The Classical Tradition: Art, Literature, Thought presents an authoritative, coherent and wide-ranging guide to the afterlife of Greco-Roman antiquity in later Western cultures and a ground-breaking reinterpretation of large aspects of Western culture as a whole from a classical perspective. Features a unique combination of chronological range, cultural scope, coherent argument, and unified analysis Written in a lively, engaging, and elegant manner Presents an innovative overview of the afterlife of antiquity Crosses disciplinary boundaries to make new sense of a rich variety of material, rarely brought together Fully illustrated with a mix of color and black & white images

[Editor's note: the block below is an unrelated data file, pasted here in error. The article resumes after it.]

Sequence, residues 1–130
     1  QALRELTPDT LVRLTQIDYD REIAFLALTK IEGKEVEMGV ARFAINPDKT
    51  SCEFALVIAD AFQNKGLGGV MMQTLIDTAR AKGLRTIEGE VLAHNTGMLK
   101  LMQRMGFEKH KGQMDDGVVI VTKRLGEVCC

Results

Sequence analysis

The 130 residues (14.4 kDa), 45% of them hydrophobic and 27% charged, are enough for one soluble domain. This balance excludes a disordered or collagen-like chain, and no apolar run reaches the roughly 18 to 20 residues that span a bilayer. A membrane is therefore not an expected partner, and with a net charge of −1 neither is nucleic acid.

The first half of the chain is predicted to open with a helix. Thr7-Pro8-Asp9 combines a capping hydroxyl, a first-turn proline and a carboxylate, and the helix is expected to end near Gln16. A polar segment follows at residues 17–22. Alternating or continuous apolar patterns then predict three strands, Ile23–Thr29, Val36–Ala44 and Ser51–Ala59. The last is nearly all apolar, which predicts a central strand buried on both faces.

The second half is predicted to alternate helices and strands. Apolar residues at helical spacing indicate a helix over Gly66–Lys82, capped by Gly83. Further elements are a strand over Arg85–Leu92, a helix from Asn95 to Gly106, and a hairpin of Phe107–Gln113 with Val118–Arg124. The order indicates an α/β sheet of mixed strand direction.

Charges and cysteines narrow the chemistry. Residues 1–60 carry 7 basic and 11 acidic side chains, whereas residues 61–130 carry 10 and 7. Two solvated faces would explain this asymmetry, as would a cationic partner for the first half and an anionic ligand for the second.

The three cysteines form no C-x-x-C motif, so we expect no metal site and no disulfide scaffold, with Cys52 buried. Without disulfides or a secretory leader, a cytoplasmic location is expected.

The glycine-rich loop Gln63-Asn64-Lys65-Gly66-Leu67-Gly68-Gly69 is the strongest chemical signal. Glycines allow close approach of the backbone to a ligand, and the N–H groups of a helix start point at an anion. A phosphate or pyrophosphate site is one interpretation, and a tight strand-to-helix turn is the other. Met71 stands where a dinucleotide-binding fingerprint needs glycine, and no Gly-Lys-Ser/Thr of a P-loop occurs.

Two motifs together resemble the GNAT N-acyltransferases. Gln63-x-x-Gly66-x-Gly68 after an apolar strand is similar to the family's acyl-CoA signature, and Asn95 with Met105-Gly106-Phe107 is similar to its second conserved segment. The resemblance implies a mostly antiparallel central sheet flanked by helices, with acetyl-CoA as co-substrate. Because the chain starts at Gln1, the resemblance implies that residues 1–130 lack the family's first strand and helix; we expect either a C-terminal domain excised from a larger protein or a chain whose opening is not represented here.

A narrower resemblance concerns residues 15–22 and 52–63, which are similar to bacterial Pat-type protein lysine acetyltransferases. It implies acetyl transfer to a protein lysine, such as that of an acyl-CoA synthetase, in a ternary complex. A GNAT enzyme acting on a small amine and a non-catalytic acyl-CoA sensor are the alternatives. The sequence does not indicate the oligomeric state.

Originally published in 1949, Gilbert Highet's seminal The Classical Tradition is a herculean feat of comparative literature and a landmark publication in the history of classical reception. As Highet states in the opening lines of his Preface, this book outlines "the chief ways in which Greek and Latin influence has moulded the literatures of western Europe and America". With that simple statement, Highet takes his reader on a sweeping exploration of the history of western literature. To summarize what he covers is a near-impossible task. Discussions of Ovid and French literature of the Middle Ages and Chaucer's engagement with Virgil and Cicero lead, swiftly, into arguments of Christian versus "pagan" works in the Renaissance, Baroque imitations of Seneca, and the (re)birth of satire. Building momentum through Byron, Tennyson, and the rise of "art of art's sake", Highet, at last, arrives at his conclusion: the birth and establishment of modernism. Though his humanist style may appear out-of-date in today's postmodernist world, there is a value to ensuring this influential work reaches a new generation, and Highet's light touch and persuasive, engaging voice guarantee the book's usefulness for a contemporary audience. Indeed, the book is free of the jargon-filled style of literary criticism that plagues much of current scholarship. Accompanied by a new foreword by renown critic Harold Bloom, this reissue will enable new readers to appreciate the enormous legacy of classical literature in the canonical works of medieval, Renaissance, and modern Europe and America.